By Wendy Buchanan
August 10, 2022
Patients have so many choices today of where to buy eyewear–often at a lower price than what you sell–that if you don’t have something unique to offer them, they will buy elsewhere.
Based on my experience as an optician and owner of an optical styling and sales training company, only one-in-10 people buy more than one pair of glasses. If your practice hovers at this number, you have the potential to start converting 90 percent of your patients to eyewear enthusiasts.
Imagine if you could increase your revenue per patient by successfully making the offer for 2-3 pairs of glasses. When I first started selling eyewear, I was only selling one pair at a time. I did not know how to start to talk about the second pair, and the idea of selling more than two was completely outside of my wheelhouse.
Once I got serious, created a sales process, and consistently made eyewear recommendations to match individual clothing style and wardrobe colors, my sales started to soar. Presenting eyewear as a fashion accessory helped me grow my multi-pair sales from a big ZERO to 80 percent, with most buying two, many buying four, and recently one couple bought 14 pairs of eyewear in one appointment.
I share that story to let you know that that same client bought only one pair at our first appointment. She loved the experience so much, and received so many compliments on that one pair of glasses, she booked a second appointment six months later and bought three more. I built a relationship over the years, and she became a self-proclaimed “eyewear addict.” She and her husband invested in 14 pairs at our most recent eyewear styling session.
Let’s consider the potential of four patients per week buying two pairs, and estimate your average sale to be $450. This would be an additional $1,800 per week. Would this make a difference to your bottom line? You bet it would!
Here are the three most important things you can teach your opticians to immediately boost sales.
When you meet someone for the first time, look for something that you like about them and tell them. This connection breaks the ice and is far more personal than, “How can I help you?” Absorb all that you see with each person, visually assess their clothing style and make a mental note.
What do you see? Is the first impression:
• Strong with personal presence wearing bright colors?
• Neat and tailored wearing a suit with matching belts and shoes?
• Eclectic with a mix of new and vintage styles?
• Relaxed with comfortable shoes?
• Elegant wearing florals or flowing clothing?
There are risks to “judging” or “assuming” based on what you see, so be curious and ask leading questions to discover their fashion preferences. I was working with one client who works in a corporate position and was wearing a well-tailored suit in a soft grey shiny fabric. I could have easily assumed she would only be interested in sophisticated and classic shapes and colors in her frame. Through conversation I discovered that she dressed conservatively for her business role, but she preferred a fun look in her accessories.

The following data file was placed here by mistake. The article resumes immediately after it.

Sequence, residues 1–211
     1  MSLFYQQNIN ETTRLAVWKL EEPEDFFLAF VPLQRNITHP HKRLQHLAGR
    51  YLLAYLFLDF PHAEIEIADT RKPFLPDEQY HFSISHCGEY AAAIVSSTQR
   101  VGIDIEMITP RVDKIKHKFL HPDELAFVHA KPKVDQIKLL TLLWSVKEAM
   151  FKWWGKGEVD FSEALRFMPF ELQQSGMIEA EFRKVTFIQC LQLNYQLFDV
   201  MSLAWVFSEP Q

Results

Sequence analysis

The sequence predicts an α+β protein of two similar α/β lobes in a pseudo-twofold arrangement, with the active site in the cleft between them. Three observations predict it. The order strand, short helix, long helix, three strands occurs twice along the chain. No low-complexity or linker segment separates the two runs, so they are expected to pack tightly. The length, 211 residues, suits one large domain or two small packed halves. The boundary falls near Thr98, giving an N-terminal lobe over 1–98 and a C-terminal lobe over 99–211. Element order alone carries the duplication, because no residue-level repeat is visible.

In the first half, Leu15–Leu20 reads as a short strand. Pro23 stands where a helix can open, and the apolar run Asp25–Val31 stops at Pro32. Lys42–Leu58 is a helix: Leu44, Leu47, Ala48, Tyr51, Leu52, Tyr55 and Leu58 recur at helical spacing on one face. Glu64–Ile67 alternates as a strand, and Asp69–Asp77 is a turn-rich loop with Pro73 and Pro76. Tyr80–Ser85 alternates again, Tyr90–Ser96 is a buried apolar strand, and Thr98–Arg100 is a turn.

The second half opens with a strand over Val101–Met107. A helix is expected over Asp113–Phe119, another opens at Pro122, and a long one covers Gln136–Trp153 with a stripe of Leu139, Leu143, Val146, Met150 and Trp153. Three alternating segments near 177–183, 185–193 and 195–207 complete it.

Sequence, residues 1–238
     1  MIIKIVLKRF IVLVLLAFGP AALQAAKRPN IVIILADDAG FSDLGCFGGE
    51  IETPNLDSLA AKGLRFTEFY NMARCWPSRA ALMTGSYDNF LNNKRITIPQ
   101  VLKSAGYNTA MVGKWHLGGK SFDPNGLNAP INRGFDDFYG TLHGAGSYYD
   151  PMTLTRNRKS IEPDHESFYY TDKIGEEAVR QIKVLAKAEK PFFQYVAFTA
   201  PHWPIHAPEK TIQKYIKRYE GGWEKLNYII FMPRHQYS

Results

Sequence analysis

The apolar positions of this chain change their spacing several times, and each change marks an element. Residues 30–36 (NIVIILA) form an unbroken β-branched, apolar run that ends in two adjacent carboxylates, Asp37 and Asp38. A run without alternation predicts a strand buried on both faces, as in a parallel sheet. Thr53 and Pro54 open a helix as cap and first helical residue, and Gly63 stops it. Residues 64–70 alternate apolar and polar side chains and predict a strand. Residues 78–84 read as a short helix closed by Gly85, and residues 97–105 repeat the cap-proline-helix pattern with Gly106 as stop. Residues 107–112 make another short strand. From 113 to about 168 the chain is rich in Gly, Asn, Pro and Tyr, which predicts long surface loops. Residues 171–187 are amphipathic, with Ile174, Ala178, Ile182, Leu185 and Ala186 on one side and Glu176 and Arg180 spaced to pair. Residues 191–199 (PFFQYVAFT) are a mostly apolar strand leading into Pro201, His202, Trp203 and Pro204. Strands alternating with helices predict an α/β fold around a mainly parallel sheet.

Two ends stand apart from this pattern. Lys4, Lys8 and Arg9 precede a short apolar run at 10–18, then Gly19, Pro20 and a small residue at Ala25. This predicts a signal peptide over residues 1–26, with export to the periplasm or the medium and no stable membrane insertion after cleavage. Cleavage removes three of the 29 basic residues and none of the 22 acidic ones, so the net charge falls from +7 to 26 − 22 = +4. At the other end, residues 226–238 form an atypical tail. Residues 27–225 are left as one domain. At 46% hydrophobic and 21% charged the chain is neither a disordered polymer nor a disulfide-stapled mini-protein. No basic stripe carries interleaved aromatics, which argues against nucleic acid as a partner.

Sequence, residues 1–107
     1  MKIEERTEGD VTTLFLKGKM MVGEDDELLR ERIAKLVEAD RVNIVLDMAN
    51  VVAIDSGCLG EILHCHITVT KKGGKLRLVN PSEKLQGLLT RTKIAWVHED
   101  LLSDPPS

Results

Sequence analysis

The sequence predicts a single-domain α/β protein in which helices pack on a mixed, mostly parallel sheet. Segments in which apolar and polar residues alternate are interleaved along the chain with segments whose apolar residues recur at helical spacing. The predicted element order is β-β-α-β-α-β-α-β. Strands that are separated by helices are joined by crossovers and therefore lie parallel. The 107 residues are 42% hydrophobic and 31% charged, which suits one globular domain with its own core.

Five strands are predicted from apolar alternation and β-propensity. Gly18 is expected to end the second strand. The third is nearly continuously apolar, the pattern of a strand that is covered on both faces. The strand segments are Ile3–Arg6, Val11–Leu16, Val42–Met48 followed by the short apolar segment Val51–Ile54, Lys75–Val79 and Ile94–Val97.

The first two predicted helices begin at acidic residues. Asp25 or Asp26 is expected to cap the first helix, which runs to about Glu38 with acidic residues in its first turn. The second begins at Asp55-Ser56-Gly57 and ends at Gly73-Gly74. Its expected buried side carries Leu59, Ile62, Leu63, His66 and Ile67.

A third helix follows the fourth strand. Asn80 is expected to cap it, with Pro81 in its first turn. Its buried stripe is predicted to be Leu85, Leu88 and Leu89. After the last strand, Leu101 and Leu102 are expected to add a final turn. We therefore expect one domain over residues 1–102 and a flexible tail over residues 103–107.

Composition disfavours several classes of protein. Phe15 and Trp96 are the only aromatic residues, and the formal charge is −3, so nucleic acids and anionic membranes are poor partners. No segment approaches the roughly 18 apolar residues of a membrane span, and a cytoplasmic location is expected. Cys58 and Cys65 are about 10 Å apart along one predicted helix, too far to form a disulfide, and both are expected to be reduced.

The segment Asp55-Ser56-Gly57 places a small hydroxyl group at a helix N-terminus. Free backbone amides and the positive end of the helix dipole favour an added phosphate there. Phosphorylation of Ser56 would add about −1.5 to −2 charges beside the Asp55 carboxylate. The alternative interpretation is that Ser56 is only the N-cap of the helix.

My first offer was a contemporary red plastic with an edge to complement her tailored suit. Once I knew she loved that pair, I began selecting more colorful, artistic frames for her to try. She immediately became intrigued and excited, and bought both!
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Have the Color Conversation
“What colors do you love to wear in your wardrobe?” This is the first question I ask every client in every consultation. Nine out of 10 people will tell you that they wear black and grey, which may be why multi-pair sales are around 10 percent.
You must dig deeper to uncover the other colors they love to wear in their wardrobe or select five frames in black. They may buy one black frame, but will not be highly motivated to buy three in black.
Once you have initiated this conversation, follow-up with a few of these open-ended questions:
1. What color are your golf shirts, t-shirts, blouses?
2. What color are your ties, handbags, belts and scarves?
3. What colors do you dislike?
4. Are you attracted to clothing that is bright in color or prefer more of a muted color?
5. Is your favorite handbag light or dark in color?
The art of styling and selling eyewear is more than just knowing the fashion trends. It is the ability to match trends to the individual and back it up with expert advice that resonates on an emotional level and converts.
Most people are a combination of face shapes, and rarely fall into one specific face shape, so avoid communicating about face shapes. Face-shape rules are dated and subjective, and no one wants to be boxed into a certain group.
When you describe why a frame is working for them, specifically reference their unique facial features and communicate why the frame is attractive on their face.
Patients come to you because you are the expert, and the expectation is that you will select the best shapes in the best materials in styles that express who they are. Your patients are more willing to invest in eyewear from your optical when they feel you understand them, listen to them and present them with a curated collection unique as they are. This is like “emotional oxygen.”
Will everyone buy more than one pair? It is unlikely, but the chances go way up when you have the fashion conversation, develop and implement a sales process and make the offer to every patient.